The extraocular muscles (EOM) are spared in Duchenne muscular dystrophy patients (DMD) and continue to function after most skeletal muscles in the body have completely degenerated. The reason for this sparing in DMD is unknown. Unlike limb skeletal muscle, normal adult EOM retain a population of activated satellite cells, the regenerative cell in adult skeletal muscle. Satellite cells actively fuse into normal myofibers in the EOM throughout life, even in aging EOM, resulting in a continuous process of myofiber remodeling. The EOM and their satellite cells are extremely resilient to injury, denervation, disease, and aging, retaining normal morphology when limb muscle would normally atrophy. In addition, the early genes controlling EOM development are distinct from those that control somite development. We will test the hypothesis that this continuous remodeling is the process by which EOM are spared in DMD. We will examine 1) the rate of myogenic precursor cell turnover in two mouse models of DMD, the mdx and mdx/utrophin+/- (mdx/utrhet) mice, and 2) test whether inhibition of cell division in the EOM prevent their sparing in the two mouse models for DMD. The sparing of the EOM in DMD, aging, and injury and differences in the myogenic precursor cell populations in skeletal muscle suggest myogenic precursor cells (mpcs) within EOM may be significantly enriched or phenotypically distinct compared with adult limb muscle cells. There are 5-8 fold more myogenic precursor cells in adult EOM compared to limb. Additionally, mpcs from EOM are more resistant to apoptosis than similar cells from limb. We will test the hypothesis that continuous remodeling allows for EOM sparing in DMD by examining 1) the rate of myogenic precursor cell turnover in two mouse DMD models, the mdx and mdx/utrophin+/- heterozygote (mdx/utrhet) mice, and 2) whether inhibition of cell division by gamma irradiation of the EOM prevents sparing in the DMD models. Sparing of the EOM in DMD and differences in their mpcs suggest that the EOM mpcs may be significantly enriched or phenotypically distinct compared with adult limb mpcs. One population is increased;these cells are CD34+ and negative for Sca1, CD31, an endothelial lineage marker, CD45, an hematopoietic lineage marker, and negative for various satellite cell markers (EOMCD34). These EOMCD34 cells are present in the EOM and limb muscles of neonatal mice, but only maintained throughout adulthood in EOM. These cells are also present in the EOM of mdx and mdx/utrophin-/- mice. Our hypothesis is that this population of EOMCD34 cells enriched in adult EOM may be, at least in part, responsible for the sparing of EOM in DMD. We will test these hypotheses in two Specific Aims.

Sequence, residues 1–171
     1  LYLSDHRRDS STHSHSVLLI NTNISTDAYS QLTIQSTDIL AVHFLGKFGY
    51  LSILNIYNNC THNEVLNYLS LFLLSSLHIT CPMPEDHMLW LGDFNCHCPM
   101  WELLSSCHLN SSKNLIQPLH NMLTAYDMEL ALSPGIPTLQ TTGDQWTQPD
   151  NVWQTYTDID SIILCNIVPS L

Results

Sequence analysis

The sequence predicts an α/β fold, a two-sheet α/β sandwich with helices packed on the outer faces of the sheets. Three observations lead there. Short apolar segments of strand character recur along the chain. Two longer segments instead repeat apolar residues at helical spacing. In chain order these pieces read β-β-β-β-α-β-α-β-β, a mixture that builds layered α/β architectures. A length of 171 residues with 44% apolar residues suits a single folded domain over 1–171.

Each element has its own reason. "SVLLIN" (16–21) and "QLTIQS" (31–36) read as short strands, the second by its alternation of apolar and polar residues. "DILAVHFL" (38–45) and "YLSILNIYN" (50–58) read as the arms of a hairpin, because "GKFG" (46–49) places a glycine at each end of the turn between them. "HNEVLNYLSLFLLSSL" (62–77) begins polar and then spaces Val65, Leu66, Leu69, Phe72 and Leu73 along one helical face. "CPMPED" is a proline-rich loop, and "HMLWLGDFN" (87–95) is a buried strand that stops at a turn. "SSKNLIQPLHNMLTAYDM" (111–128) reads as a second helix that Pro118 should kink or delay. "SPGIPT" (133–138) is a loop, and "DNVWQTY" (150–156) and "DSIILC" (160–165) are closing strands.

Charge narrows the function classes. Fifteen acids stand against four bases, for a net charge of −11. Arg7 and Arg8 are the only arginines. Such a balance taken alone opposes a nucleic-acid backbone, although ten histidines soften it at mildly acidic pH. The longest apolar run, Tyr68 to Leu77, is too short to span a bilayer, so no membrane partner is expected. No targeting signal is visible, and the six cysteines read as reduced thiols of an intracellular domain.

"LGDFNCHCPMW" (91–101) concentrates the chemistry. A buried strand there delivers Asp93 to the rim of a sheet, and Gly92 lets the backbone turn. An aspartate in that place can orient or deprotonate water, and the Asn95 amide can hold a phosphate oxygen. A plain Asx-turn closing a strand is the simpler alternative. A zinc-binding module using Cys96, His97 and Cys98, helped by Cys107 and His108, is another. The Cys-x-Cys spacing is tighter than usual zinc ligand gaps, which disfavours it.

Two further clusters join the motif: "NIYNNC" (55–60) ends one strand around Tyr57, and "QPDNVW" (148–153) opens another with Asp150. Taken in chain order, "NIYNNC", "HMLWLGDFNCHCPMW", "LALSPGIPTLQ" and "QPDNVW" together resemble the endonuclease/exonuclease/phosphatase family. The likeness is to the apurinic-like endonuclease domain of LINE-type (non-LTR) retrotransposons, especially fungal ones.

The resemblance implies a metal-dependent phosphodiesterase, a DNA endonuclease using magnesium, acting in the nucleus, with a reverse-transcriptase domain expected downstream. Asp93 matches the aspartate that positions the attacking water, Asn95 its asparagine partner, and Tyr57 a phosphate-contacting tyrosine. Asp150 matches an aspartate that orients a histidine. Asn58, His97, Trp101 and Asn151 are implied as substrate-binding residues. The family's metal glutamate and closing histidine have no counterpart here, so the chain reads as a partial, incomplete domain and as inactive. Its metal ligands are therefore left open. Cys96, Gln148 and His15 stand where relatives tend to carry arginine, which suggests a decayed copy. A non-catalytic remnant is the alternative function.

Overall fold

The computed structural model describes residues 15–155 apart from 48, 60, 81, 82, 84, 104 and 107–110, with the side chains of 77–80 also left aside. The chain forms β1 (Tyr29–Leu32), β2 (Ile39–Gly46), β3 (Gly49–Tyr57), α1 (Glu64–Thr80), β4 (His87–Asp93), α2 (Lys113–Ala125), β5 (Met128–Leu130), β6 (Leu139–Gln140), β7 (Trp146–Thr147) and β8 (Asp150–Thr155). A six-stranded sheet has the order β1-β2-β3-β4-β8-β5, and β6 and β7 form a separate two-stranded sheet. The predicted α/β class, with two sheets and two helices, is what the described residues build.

Specific aim 1 asks: 1) is the rate of myofiber remodeling increased in the DMD mice models? 2) Does inhibition of cell division in adult EOM prevent sparing in the EOM of mdx/utrophin +/- heterozygote mice? We will isolate specific subpopulations of mononucleated cells from EOM and limb muscles and in specific aim 2 ask: 1) Are the mpcs more resistant to injury?2) Are the mpcs from EOM more multipotent than those from limb muscle? 3) Do the myogenic precursor cells from EOM have greater proliferative potential than those derived from limb skeletal muscle? The long term goal is to define and isolate a myogenic precursor cell type from EOM that has greater proliferative and survival potential compared with limb. These cells would be tested in a myoblast transfer model to determine their potential for use in the treatment of DMD. These may offer advantages over other cells, as autologous transplants would be possible.